Prostate Cancer Study Shows Hypofractionation Comparable to Standard Radiation in Low-risk Patients

Hypofractionated radiotherapy can achieve similar cure rates with similar side effects compared with conventional radiotherapy for men with low-risk, early prostate cancer, according to a recent study.

Hypofractionated radiotherapy can achieve similar cure rates with similar side effects compared with conventional radiotherapy for men with low-risk, early prostate cancer, according to follow-up RTOG 0415 study data presented October 20, 2015, during a scientific session at the 2015 ASTRO Annual Meeting.

Hypofractionated radiotherapy is delivered in larger doses over 5.5 weeks whereas conventional radiotherapy requires 8 weeks of treatment. “Results of our study demonstrate that for men with low-risk prostate cancer, hypofractionated radiotherapy offers a shorter, more convenient treatment schedule without compromising cure or causing additional side effects,” said lead author W. Robert Lee, MD, professor of radiation oncology at Duke University School of Medicine, Durham, NC.

Senior author of the study, Howard Sandler, MD, professor and chair of radiation oncology at Cedars Sinai Medical Center, Los Angeles, CA, said, “This is the first large-scale, randomized study demonstrating the value of a shorter course of radiotherapy for low-risk prostate cancer. The results are not surprising; however, given that studies of the effects of hypofractionated radiation therapy in patients with early-stage breast cancer, which is similar to early-stage prostate cancer, have demonstrated similar outcomes.”

Study Details

The phase III RTOG 0415 study, conducted from April 2006 to December 2009 in the United States and Canada, enrolled 1115 men with low-risk prostate cancer and randomized them to receive either hypofractionated radiotherapy or a conventional radiotherapy schedule. Baseline demographic and disease characteristics were comparable between the two groups. Mean age was about 65 years and pretreatment prostate specific antigen (PSA) score was 5.4 ng/mL.

RTOG 0415 was designed as a noninferiority study for the two techniques, as reflected by a 5-year disease-free survival (DFS) rate not lower by more than 7% compared with conventional radiotherapy.

A total of 1105 men with low-risk prostate cancer were randomized 1:1 to conventional radiotherapy (73.8 Gy in 41 fractions delivered over 8.2 weeks) or hypofractionated radiotherapy (70 Gy in 28 fractions delivered over 5.6 weeks). Low risk was defined as not palpable, PSA <10 ng/mL, or Gleason score of 6 or lower.

At a median follow-up of 5.9 years, DFS rates were similar for both groups of men. In more than 300 men followed for more than 5 years, 82% in the hypofractionated group and 76% in the conventional radiotherapy group were alive with no evidence of disease. This demonstrates noninferiority, Sandler said.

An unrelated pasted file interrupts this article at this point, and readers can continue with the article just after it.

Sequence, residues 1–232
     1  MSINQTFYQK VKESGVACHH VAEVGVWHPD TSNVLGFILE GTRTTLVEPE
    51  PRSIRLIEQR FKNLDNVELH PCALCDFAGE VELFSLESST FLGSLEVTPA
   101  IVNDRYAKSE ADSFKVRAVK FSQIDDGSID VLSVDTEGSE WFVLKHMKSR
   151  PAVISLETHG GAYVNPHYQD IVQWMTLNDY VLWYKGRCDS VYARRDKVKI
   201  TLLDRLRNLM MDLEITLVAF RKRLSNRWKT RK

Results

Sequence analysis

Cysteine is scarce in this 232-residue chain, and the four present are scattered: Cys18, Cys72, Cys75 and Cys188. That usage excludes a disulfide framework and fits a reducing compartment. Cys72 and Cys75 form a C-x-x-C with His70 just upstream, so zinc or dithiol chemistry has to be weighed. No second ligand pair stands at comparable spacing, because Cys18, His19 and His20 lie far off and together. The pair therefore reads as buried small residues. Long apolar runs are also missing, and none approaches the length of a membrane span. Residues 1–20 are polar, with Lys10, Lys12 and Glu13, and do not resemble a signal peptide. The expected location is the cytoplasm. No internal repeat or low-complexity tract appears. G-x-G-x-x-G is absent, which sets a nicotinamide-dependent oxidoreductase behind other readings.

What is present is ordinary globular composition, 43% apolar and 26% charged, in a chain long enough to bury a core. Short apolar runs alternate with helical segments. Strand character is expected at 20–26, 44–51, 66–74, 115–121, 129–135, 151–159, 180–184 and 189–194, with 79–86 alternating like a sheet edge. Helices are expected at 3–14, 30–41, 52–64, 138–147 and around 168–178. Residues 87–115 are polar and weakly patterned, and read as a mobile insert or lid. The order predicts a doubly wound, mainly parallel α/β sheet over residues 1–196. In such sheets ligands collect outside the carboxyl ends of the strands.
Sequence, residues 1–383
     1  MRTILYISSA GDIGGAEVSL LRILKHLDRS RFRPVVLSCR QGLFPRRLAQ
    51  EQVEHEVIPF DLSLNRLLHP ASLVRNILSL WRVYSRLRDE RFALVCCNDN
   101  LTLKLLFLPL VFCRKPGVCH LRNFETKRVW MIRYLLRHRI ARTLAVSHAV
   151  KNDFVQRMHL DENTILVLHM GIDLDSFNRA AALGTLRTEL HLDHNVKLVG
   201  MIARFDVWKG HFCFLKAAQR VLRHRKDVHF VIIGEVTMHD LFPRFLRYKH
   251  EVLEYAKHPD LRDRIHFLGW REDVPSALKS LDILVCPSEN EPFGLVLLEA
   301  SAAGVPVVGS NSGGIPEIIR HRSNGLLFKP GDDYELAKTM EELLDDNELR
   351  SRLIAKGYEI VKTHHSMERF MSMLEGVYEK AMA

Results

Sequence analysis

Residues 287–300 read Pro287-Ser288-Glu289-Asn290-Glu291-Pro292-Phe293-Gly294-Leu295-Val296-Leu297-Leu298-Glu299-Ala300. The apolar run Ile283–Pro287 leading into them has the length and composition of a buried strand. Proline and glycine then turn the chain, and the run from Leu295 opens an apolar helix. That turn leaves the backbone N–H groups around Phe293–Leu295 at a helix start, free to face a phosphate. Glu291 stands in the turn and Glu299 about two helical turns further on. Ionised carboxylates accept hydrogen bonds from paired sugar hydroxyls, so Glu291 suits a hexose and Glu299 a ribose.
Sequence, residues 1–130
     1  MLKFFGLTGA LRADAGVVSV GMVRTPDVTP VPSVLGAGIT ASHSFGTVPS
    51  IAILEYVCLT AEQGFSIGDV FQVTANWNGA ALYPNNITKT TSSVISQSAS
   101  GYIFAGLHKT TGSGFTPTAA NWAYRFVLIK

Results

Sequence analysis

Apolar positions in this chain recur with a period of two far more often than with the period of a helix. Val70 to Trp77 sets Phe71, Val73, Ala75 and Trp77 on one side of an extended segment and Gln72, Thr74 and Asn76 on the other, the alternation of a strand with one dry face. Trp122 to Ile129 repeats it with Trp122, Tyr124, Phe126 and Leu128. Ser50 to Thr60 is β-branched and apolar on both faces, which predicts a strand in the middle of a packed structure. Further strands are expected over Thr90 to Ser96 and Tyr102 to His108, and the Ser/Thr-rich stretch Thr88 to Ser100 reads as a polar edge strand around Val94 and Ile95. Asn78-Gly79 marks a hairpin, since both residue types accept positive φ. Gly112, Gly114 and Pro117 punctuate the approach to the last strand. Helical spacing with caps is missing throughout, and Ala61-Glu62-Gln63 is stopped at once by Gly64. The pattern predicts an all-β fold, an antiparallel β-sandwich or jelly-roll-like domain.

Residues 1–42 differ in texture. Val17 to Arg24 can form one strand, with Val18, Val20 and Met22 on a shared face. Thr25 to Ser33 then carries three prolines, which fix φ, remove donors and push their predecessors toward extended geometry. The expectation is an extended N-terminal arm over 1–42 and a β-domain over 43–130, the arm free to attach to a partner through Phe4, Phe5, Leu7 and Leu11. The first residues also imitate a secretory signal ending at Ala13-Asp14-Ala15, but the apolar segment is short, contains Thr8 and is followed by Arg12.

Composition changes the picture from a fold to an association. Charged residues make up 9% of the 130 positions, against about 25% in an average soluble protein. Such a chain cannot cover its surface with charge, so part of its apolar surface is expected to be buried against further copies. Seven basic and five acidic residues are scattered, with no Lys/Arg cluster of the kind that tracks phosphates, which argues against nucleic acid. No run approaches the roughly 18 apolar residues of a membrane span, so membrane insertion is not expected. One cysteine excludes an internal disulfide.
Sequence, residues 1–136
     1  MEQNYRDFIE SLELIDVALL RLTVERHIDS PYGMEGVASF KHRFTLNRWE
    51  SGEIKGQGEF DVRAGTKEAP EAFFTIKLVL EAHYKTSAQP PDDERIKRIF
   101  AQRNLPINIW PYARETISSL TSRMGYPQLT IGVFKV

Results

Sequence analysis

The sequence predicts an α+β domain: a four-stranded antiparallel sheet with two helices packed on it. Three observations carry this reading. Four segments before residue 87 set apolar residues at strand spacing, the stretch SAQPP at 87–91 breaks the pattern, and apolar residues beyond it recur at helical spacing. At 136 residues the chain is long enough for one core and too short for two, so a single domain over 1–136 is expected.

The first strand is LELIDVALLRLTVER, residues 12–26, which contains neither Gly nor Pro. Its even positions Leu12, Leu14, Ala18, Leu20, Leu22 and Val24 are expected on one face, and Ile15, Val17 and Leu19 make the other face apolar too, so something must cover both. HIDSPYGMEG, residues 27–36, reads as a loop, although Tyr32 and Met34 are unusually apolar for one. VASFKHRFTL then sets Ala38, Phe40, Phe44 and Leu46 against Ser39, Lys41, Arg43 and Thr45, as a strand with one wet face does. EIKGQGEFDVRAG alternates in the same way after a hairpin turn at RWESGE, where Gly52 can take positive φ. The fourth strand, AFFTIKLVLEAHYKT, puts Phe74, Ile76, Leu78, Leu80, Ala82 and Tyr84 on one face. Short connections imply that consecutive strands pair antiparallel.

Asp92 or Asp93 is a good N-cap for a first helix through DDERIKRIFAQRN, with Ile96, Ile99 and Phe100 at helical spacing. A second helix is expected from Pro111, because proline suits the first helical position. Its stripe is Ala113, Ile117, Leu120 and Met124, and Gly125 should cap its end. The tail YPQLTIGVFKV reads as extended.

Biochemical recurrence and overall survival also met noninferiority criteria.

Toxicity is important to assess in these men, Sandler continued. Grade 3 or higher gastrointestinal toxicity was slightly higher with hypofractionation: 3% for conventional radiotherapy versus 4.6% for hypofractionation. Grade 3 or higher genitourinary toxicity was 3.5% versus 2.3%, respectively.

“These are small absolute differences, with a possible increase in late side effects,” Sandler noted. “Both techniques are very well tolerated. If there is a difference between them, that difference is very small. Results suggest that this shorter regimen is a treatment regimen that physicians can be comfortable discussing and prescribing for their patients.”

“Standard radiotherapy for prostate cancer takes 8 to 9 weeks. It is a long time commitment and somewhat daunting to patients. Shorter radiotherapy treatments may be a better way to treat prostate cancer,” Sandler said.

During the discussion following this presentation at a press conference, Sandler commented that many patients with low-risk disease, such as those included in this trial are now managed with active surveillance, moving on to treatment if there is an indication that the disease has progressed.

“We carefully monitor these patients. Some will progress. I would recommend active surveillance as the first option, and move on to hypofractionated radiotherapy if and when it is needed,” he stated.

Lee, RW. NRG Oncology RTOG 0415: A randomized phase III non-inferiority study comparing 2 fractionation schedules in patients with low-risk prostate cancer. Presented at the 2015 ASTRO Annual Meeting: San Antonio, TX; Abstract LBA 6.